Last month we featured our five-part interview series with Fred Siegel, author most recently of The Revolt Against the Masses: How Liberalism Has Undermined the Middle Class.
Lo and behold, buried in my library is a old collection of Aaron Wildavsky essays by nearly the same title published way back in 1971: The Revolt Against the Masses, and Other Essays on Politics and Public Policy. Wildavsky (d. 1993) was one of the most eminent political scientists of his age, and, like Siegel, made the journey from being a moderate liberal to a conservative, and for much the same reason. He wrote terrific books that still hold up more than 20 years after his death on risk regulation, federal budgeting, political parties, defense policy and arms control, the presidency, and other subjects—including a pretty good book about Moses.
Aaron was the model of what a political scientist should be. And he had a knack for rendering with great clarity the essence of a problem that leftists aim to obscure with jargon. The first sentence of the title essay “Revolt Against the Masses” (written in the aftermath of the People’s Park protests—Wildavsky was a Berkeley professor), nails it:
The revolutionaries of contemporary America do not seek to redistribute privilege from those who have it to those who do not. These radicals wish to arrange a transfer of power from those elites who now exercise it to another elite, namely, themselves, who do not. This aspiring elite is of the same race (white), the same class (upper-middle and upper), and the same educational background (the best colleges and universities) as those they wish to displace.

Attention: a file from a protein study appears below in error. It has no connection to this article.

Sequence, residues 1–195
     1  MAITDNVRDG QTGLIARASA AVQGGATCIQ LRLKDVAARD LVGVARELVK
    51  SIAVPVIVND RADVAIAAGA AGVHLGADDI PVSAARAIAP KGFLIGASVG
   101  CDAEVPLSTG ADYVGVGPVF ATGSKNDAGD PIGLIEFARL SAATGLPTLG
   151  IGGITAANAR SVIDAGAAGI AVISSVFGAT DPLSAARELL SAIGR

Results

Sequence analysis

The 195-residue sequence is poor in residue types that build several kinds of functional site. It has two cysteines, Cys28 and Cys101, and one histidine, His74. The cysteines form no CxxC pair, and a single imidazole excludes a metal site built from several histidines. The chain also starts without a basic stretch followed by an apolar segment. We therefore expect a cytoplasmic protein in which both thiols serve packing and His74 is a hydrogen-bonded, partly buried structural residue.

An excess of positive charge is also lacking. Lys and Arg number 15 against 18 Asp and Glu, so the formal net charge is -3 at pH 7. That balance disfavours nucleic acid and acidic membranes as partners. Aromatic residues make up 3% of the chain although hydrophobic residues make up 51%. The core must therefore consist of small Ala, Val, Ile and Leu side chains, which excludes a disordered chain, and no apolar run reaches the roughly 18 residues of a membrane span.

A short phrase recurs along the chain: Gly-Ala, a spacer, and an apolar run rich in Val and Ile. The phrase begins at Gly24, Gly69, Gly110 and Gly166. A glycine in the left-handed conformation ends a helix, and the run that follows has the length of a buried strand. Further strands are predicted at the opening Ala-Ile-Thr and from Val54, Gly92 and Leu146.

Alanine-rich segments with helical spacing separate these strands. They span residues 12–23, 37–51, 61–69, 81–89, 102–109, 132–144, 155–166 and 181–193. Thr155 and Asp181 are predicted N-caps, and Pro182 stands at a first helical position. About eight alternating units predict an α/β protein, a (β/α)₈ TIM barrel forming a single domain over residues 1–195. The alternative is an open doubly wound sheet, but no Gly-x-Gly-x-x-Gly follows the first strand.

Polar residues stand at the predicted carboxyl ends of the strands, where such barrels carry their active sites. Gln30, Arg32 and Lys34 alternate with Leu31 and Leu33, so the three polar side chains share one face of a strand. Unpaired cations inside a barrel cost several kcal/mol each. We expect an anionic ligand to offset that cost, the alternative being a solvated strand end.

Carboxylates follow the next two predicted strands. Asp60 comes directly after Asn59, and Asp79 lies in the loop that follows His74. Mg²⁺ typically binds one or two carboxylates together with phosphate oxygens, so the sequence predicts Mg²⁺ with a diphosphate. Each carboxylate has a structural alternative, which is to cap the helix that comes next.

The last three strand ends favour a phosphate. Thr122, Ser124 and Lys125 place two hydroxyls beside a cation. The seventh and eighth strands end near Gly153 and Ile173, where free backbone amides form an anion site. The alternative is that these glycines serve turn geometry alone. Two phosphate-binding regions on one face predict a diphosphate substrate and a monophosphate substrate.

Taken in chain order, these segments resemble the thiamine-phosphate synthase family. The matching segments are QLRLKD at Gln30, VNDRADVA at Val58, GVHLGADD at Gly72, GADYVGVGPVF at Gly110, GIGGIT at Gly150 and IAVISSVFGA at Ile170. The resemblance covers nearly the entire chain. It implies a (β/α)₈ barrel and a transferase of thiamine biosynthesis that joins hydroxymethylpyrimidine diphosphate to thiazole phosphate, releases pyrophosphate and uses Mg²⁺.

Did I say that Wildavsky’s writing still holds up today? He could be writing about events on campus and elsewhere right now. In fact, in this essay there appears a fascinating footnote that could have been written in the immediate aftermath of Ferguson and Baltimore:
The fantasies of white liberal students are not far from the fear of black people that genocide will be visited upon them. The fact is that no one really wishes to commit genocide on black people and no one really believes that it is about to happen. Why, then, is the fear so oft repeated? The answer is not that blacks expect white extremists to murder them. These blacks are concerned in a more fundamental way with conditions of modern industrial society. They fear that their low skill makes them dispensable in the most frightening way; they could disappear from the earth and society would go on much as before. That is why they want a politics of distribution, rather than a politics of production. To be men, they must be part of society so that their lives are part of the lives of others.